It's an element of malignant narcissism, to threaten one's enemies and to get revenge. Donald Trump and other people like him, dictators and malignant narcissists, want to control people through fear. Many people when they are afraid will stop engaging in critical thinking. They will surrender to the bullies. When Trump was a child, he was taught a rule, a binary, that one eats or is eaten. This means as an adult Trump will choose to threaten to eat everybody that gets in his way because he's so afraid of being eaten.

Donald Trump is becoming more and more afraid. But I also believe that his behavior is being influenced by Vladimir Putin and other bad actors who want him to sow chaos and undermine the rule of law and trust in democratic institutions. I am hopeful in one way that the more Trump threatens people and acts badly more generally, the more evidence that is made known about his crimes, that there will be some of his supporters who leave the MAGA movement. I tend to think of these possible outcomes in terms of the rule of thirds: one third may leave; one third are going to double down on their beliefs and loyalty to the cult of Trump and become much more violent and extremist; the middle third could go either way depending on the forces around them.

Trump's stated desire to destroy those who differ from him is one sign of a psychopath. In short, an expert says, Trump is a predator, and we are his prey. If enough citizens do not come to recognize that, our democracy is in trouble. Writes DeVega:

Dr. Lance Dodes is a retired assistant clinical professor of psychiatry at Harvard Medical School and a training and supervising analyst emeritus at the Boston Psychoanalytic Society and Institute.

Trump openly threatening to imprison or kill anyone who opposes or even disagrees with him reflects, again, the enormity of his psychological impairment. His absence of a capacity for genuine empathy, contempt for the concept of truth, and a primitive need to destroy those who differ from him are familiar hallmarks of psychopaths. The fact that his threats are slightly less concealed now indicates that his veneer of normality continues to wear down as his actual criminality is made public. His calls for a civil war with an end to democracy likewise is not about actual political or social issues, but only his need to rule everyone and everything. This is covered by populist lies to try to con his supporters into thinking he cares about them or their concerns.

I expect that his veneer of normality will continue to disappear. The future of democracy will depend on how many citizens can finally see that the emperor not only has no clothes but is a predator and they are his prey.

Trump is a controlling narcissist who is steaming with rage, one expert says, comparing Trump to an athlete who mashes a tennis racket after losing a point. Writes DeVega:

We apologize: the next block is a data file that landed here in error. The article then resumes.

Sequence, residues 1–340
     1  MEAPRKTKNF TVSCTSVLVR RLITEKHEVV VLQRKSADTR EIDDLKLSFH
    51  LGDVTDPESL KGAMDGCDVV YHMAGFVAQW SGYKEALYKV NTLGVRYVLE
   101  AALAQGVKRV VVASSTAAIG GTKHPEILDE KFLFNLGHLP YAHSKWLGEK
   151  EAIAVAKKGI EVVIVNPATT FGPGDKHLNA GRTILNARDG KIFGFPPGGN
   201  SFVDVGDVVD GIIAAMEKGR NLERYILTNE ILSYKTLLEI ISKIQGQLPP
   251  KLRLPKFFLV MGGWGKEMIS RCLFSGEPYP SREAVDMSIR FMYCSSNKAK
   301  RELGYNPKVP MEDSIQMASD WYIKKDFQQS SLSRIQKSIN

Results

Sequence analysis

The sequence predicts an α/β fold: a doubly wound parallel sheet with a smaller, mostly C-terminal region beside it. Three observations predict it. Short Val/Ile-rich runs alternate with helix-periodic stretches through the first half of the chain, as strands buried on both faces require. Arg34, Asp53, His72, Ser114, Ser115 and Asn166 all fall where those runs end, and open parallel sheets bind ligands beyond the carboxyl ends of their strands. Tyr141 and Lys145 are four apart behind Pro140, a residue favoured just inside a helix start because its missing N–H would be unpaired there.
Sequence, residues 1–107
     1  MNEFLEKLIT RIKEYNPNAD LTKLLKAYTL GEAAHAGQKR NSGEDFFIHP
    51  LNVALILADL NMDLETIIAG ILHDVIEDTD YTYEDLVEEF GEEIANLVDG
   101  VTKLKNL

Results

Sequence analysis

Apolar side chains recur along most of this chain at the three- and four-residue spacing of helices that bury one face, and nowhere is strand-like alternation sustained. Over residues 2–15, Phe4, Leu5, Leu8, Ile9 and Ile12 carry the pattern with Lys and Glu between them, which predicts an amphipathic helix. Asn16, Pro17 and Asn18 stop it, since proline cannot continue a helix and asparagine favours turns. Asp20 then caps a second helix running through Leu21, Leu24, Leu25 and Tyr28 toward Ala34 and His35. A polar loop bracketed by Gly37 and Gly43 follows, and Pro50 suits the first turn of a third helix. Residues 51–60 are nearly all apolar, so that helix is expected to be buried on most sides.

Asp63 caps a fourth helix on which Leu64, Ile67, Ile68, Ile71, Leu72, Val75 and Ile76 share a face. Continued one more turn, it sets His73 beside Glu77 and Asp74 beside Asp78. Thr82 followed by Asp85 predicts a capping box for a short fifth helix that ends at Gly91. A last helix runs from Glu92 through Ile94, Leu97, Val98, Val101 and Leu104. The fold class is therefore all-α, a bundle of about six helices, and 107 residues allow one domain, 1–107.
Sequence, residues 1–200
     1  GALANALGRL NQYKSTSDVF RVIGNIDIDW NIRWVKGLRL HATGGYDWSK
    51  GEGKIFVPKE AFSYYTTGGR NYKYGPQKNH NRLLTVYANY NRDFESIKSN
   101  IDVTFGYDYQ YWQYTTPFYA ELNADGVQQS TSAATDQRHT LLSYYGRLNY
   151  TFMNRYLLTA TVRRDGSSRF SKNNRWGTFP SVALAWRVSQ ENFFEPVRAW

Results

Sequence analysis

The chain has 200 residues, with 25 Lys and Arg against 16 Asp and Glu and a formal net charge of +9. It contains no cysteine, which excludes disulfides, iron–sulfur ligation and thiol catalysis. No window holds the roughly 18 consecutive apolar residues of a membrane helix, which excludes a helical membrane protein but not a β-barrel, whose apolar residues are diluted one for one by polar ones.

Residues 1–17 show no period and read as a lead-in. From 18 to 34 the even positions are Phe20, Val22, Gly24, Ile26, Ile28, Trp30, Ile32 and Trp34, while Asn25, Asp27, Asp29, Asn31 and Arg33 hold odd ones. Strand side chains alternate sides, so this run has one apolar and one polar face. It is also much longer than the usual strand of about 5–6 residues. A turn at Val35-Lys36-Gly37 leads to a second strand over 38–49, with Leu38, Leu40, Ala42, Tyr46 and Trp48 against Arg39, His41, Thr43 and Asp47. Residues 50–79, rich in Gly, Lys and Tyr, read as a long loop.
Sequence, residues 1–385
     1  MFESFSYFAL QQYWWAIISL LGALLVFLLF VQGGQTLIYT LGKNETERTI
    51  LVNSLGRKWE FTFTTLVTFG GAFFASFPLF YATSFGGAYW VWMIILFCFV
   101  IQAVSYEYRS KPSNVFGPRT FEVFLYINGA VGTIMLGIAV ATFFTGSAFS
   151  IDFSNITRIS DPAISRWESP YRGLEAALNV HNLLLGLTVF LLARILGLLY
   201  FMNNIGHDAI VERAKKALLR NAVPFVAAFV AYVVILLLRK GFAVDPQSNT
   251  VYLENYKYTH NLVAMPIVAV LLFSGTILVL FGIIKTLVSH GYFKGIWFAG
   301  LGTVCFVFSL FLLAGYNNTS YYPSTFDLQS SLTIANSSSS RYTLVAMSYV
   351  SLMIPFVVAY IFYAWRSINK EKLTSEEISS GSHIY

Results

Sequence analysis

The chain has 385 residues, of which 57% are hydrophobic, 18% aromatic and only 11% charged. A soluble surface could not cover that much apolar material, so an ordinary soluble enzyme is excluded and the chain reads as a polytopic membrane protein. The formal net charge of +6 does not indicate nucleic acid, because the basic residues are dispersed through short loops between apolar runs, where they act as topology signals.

Dr. Mark Goulston is a leading psychiatrist, former FBI hostage negotiation trainer, and the author of the bestsellers Just Listen and Talking to 'Crazy'. He is also co-founder of the Deeper Coaching Institute.

Donald Trump is displaying "impotent rage," which is a condition that says the more power-seeking a high controlling individual is part of their identity, the more enraged they become when actual power or the threat of power being taken away from them. Given all the threats to Trump are coming at him the greater his rage and greater the impulse to act on it.

A central tendency of people with a narcissistic personality is that they treat other people as an extension of themselves and their bodies. Just as an angry athlete might smash a golf club, tennis racket, or baseball bat as if they were an extension of them with a result he - and less likely she - is not happy with, but not usually injuring themselves, Trump sees his base as something that can express his narcissistic rage for him and become violent for him without him doing it directly.

In the near future, the more the vice grip of justice is closing in on him, the more desperate he may feel, the more impotent rage we can expect in him and the more incendiary his language may become. That may include his slipping into being more direct about telling his base to harm someone which is different than saying Hunter Biden deserves to die or giving out Barack Obama's personal address.

Many in his base, especially the unhinged ones, are happy to feel like an extension of Trump and happy to do his bidding that he, up until now, has stepped short of doing himself.

One of my concerns is that those in his base who feel powerless, frustrated, and with nothing left to lose have formed a psychological adhesion to Trump. This is much like the disaffected American youth who joined and formed psychological adhesions to the terrorist organization ISIS.

A psychological adhesion — similar to a post-surgical adhesion — is much more powerful than an attachment. It will not respond to logic or reason. It needs to be surgically severed. To do that with Trump's base, we have to drill down and distill all the needs that being connected to him fulfills and then find a way to fulfill those needs powerfully enough that his base lets go of their connection to him.